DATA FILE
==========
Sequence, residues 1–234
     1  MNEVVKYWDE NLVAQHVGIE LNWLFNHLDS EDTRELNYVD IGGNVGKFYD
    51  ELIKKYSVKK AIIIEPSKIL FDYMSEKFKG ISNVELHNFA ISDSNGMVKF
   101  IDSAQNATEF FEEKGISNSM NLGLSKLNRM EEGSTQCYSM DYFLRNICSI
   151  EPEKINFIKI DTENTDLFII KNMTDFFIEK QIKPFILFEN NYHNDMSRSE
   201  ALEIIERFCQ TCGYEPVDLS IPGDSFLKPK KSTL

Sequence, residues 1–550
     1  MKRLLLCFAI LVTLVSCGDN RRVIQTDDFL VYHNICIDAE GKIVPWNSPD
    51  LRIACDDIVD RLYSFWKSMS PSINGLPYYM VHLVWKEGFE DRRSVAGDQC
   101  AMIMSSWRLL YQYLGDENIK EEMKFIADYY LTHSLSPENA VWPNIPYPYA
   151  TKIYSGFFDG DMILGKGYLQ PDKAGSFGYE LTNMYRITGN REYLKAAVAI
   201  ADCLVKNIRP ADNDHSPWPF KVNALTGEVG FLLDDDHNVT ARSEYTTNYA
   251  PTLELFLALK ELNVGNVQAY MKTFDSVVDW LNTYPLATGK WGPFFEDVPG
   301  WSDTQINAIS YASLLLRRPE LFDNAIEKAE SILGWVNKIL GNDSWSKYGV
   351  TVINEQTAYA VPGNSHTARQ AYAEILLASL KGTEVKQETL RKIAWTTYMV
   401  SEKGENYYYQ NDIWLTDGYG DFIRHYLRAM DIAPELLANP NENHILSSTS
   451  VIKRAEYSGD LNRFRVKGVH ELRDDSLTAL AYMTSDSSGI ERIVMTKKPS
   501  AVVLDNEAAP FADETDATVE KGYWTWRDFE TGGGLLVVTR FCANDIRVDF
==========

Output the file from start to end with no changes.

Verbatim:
Sequence, residues 1–234
     1  MNEVVKYWDE NLVAQHVGIE LNWLFNHLDS EDTRELNYVD IGGNVGKFYD
    51  ELIKKYSVKK AIIIEPSKIL FDYMSEKFKG ISNVELHNFA ISDSNGMVKF
   101  IDSAQNATEF FEEKGISNSM NLGLSKLNRM EEGSTQCYSM DYFLRNICSI
   151  EPEKINFIKI DTENTDLFII KNMTDFFIEK QIKPFILFEN NYHNDMSRSE
   201  ALEIIERFCQ TCGYEPVDLS IPGDSFLKPK KSTL

Sequence, residues 1–550
     1  MKRLLLCFAI LVTLVSCGDN RRVIQTDDFL VYHNICIDAE GKIVPWNSPD
    51  LRIACDDIVD RLYSFWKSMS PSINGLPYYM VHLVWKEGFE DRRSVAGDQC
   101  AMIMSSWRLL YQYLGDENIK EEMKFIADYY LTHSLSPENA VWPNIPYPYA
   151  TKIYSGFFDG DMILGKGYLQ PDKAGSFGYE LTNMYRITGN REYLKAAVAI
   201  ADCLVKNIRP ADNDHSPWPF KVNALTGEVG FLLDDDHNVT ARSEYTTNYA
   251  PTLELFLALK ELNVGNVQAY MKTFDSVVDW LNTYPLATGK WGPFFEDVPG
   301  WSDTQINAIS YASLLLRRPE LFDNAIEKAE SILGWVNKIL GNDSWSKYGV
   351  TVINEQTAYA VPGNSHTARQ AYAEILLASL KGTEVKQETL RKIAWTTYMV
   401  SEKGENYYYQ NDIWLTDGYG DFIRHYLRAM DIAPELLANP NENHILSSTS
   451  VIKRAEYSGD LNRFRVKGVH ELRDDSLTAL AYMTSDSSGI ERIVMTKKPS
   501  AVVLDNEAAP FADETDATVE KGYWTWRDFE TGGGLLVVTR FCANDIRVDF